Across the world many cities face high levels of criminal violence and murder. A quick search will reveal that in terms of global league tables, certain regions dominate with Latin America, North America and Sub Saharan Africa providing the top 50 violent cities. However, a cursory glance tells us this is a complicated picture with huge variations between and within countries. Complex factors are at play, differing social, economic and legislative environments all have an influence. A brief historical perspective tells us that improvements can be made, that nations and cities can act successfully to reduce the levels of violence experienced by their citizens.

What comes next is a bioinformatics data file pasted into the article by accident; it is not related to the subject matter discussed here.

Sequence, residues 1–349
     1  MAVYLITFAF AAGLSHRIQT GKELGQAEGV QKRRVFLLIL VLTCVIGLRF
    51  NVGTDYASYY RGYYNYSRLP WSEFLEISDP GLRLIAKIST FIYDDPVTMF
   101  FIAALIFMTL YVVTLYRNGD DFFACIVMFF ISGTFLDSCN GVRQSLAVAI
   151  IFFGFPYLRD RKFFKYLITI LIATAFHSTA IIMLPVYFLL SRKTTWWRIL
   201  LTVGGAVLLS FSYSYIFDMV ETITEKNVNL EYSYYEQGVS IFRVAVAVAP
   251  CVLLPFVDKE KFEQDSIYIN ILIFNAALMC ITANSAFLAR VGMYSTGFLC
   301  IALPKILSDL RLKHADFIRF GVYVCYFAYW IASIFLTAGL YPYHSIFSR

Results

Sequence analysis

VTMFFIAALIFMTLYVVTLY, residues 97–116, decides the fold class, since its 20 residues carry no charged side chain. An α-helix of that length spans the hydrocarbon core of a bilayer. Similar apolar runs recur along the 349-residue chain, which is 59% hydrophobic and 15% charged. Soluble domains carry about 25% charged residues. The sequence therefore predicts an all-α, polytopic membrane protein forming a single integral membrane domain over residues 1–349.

Health sells, not just in terms of medical care or pharmaceuticals. News about health issues is a central staple of the mainstream media, all major newspapers and tv news programmes boast a health editor and provide their customers with a regular diet of stories about the latest cures, scares and developments relating to our wellbeing. The public have a great appetite for the topic, not a surprise given that all of us have a profound interest in health. Given the nature of the media they often have a particular angle. Some outlets can be relied upon to criticise almost any new government initiative as a shocking example of the “nanny state” preventing citizens going about their lives. Others tend to the opposing position that without the strong and vigilant guidance of the state citizens are all prone to making chronically bad choices with negative consequences not just for ourselves but those around us. This is often presented as being necessary not so much for the readers or viewers of the outlet in question, who are normally assumed by the writer to be wiser than the average, but for the benefit of lesser mortals.   To be fair we all tend to think it’s someone else who needs to change their ways rather than ourselves. The media also love a controversy, it could be about the merits of substitute prescribing for opiates, whether people should pay to see a medic, the rights and wrongs of vaccination programmes, all these and more make great copy.